Over my professional experience I have witnessed the many assumptions professionals tend to make about the use and value of statistics in their operations. For a regrettably long time, my work was victim of a common one: that forecasting was the sole and ultimate purpose of data-based work.
I was biased towards forecasting. Rather than using facts to think critically about a given issue, I turned all analysis efforts into a sports-like race where models boasting high significance and low error rates were always preferred. It did not matter if they were at odds with predominant theory. Or if it led to crimes of overfitting, which, I joke, is what happens when your model “understands too much”. Ironically enough, overfitting can quickly render a forecasting model useless, as soon as a new, never-before-seen eventuality comes up.
To be fair, theory is not always right: just the vast majority of time. And forecasting is a practice of great value. In learning, forecasting is palpable at every turn. Each time you wish you are making the right choice for your students, that a video would make a content more relatable, or whether it is better to give more or less homework, you are summoning the dark powers of a forecast.
The problems that appear in learning are statistically unique. Add to it the fact that, despite the many advances in science and technology, the box is still pretty black. In learning, we cannot be content with having a vague idea of what makes most students engaged. Unlike a diversified portfolio of stocks, where it’s OK if some investments fail as long as the average yield is positive, a learning intervention must ensure it is beneficial beyond its cost for each of the assets, i.e. the students.
You might ask, what made forecasting to step back, in my mind and practice? In one word: risk. In two, risk management.
Moodlerooms White Paper on Engagement for Long-Term Success
Learning Analytics and Research Director John Whitmer shares thoughts on the relationship between engagement and what they describe as “long-term success”, in a Blackboard white paper. Whitmer’s concern is a common one:
How can we predict learner risk with enough advance notice to change outcomes?
What can we do to identify course materials and activities that are particularly effective?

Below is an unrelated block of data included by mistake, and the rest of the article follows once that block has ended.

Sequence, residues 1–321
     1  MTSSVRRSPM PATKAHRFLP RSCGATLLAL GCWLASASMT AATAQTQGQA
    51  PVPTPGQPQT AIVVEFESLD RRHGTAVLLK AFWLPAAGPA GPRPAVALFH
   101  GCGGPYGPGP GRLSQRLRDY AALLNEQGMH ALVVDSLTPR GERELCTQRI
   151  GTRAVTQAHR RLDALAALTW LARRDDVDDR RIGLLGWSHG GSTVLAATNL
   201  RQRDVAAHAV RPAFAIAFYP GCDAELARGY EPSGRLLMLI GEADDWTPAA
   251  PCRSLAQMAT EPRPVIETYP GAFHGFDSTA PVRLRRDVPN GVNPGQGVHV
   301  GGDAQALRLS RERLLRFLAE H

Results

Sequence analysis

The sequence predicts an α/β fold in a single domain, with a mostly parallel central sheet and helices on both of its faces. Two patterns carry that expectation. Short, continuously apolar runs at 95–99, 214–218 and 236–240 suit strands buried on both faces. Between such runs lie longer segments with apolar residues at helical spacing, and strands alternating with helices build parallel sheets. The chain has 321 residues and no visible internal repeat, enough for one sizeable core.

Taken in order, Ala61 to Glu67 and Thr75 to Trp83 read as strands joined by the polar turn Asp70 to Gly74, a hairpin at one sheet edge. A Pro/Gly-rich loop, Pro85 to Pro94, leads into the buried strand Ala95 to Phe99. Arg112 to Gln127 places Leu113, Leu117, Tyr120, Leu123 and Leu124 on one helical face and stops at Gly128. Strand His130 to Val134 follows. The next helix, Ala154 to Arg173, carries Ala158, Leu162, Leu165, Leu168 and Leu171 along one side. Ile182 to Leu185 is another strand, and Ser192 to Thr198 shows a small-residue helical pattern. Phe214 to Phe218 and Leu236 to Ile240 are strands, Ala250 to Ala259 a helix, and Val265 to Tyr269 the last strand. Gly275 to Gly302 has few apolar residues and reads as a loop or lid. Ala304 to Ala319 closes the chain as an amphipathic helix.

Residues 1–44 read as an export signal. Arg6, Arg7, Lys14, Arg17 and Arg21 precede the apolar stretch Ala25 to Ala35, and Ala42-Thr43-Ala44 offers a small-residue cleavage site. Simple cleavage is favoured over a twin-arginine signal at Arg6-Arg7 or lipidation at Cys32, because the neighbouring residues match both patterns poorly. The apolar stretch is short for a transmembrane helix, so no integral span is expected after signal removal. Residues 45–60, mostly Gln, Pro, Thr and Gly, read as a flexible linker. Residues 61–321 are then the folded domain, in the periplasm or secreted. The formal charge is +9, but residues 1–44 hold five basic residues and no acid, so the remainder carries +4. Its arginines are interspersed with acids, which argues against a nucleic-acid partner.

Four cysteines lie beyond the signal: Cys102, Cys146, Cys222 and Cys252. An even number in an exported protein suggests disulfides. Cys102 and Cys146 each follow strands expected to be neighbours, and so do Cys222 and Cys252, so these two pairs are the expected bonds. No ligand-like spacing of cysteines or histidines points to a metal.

How can we make sure that learners are engaged?
In the white paper, Whitmer frames the discussion about the role of a Learning Management System (LMS) as a reservoir of learning history. Applications within an LMS can use that reservoir to track activity, identify patterns and inform decisions for both content and design. Visual reporting is close to becoming a standard, if it has not already: As Whitmer claims, “visual representations that are quickly understandable and easy to access are essential“. It recommends teachers to adopt a hands-on approach to data provided by analytics tools. From a “risk management” approach, the best tool are not those that merely produce an expected final GPA, but suggests corrective mechanisms on an individual basis, in a way that is “usable: detailed, contextual, and [that] reflects the immediate learning context” in “real-time“.
I am only starting to understand how to harness the power of risk management into learning. Combined with an LMS like Moodle, it can allow us to talk about truly personalized interventions. That means not based only on a student characteristics, but on his personal path of discoveries and pitfalls. The best assumption I can make explicit today is that no already defined rubric will be the outright best fit for a given new learner.
One thing is clear: a data thinker must have knowledge of both forecasting and risk assessment techniques, as well as wisdom to know when to use which.
To access the white paper, click on the link on this page and fill out the survey.